Sitticus fasciger (Simon, 1880) - Asian Wall Jumper
Sitticus fasciger was likely introduced into North America in the late 1950s. While the fate of most introduced species is
bleak successful colonizers often prosper, at times at the expense of native organisms. One factor that, in part, may account for the success of S. fasciger is the spider's use of man-made structures. Synanthropic species (see Cutler, 1990 and discussion under Naphrys pulex) may benefit from the concentration of potential prey on the exterior brick, stone, and wood surfaces of numerous artificial structures. Another advantage gained by S. fasciger in occupying this niche is the jumper's ability to feed at night where fixtures for nightime illumination are present.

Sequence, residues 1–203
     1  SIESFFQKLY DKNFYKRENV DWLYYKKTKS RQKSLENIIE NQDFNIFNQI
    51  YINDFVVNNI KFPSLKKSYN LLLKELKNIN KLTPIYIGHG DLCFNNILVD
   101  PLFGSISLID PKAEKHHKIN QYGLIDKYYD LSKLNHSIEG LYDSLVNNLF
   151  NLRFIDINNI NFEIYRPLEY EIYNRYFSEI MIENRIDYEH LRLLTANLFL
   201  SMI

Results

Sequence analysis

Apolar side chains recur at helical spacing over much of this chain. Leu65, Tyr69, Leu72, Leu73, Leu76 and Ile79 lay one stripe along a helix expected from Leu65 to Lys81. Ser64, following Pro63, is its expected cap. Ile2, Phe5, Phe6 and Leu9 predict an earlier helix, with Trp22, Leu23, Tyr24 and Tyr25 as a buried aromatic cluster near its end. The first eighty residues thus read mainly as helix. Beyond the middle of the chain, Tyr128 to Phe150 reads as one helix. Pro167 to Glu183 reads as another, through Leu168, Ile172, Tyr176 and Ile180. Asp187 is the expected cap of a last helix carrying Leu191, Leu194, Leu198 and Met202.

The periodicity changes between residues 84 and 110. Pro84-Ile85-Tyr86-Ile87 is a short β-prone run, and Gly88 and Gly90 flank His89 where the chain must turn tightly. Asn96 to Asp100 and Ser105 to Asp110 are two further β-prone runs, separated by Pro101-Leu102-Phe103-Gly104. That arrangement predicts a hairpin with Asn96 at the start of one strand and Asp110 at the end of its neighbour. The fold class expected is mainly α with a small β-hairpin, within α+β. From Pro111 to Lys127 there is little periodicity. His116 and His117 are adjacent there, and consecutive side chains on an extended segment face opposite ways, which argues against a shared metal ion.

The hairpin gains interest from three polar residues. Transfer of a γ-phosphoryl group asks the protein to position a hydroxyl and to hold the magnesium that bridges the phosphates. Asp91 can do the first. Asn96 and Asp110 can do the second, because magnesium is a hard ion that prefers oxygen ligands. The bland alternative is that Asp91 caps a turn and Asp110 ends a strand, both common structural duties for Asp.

Wolff, 1981; Matsumoto and Yasunosuke, 1987
Massachusetts - First State / County Records
- ♦ *D. Walton - Sitticus fasciger - Middlesex (Concord), August 2009 - See video; pers. comm. W. Maddison, 2009
♦ Connecticut - Kaston, 1981: 953
This species has not been recorded from Connecticut . . .
- *Sitticus fasciger is likely widespread and abundant in Massachusetts but little effort has been made to collect or document this species.
Cutler, Bruce 1990. Synanthropic Salticidae Of The Northeast United States. Peckhamia 2(6): 91-92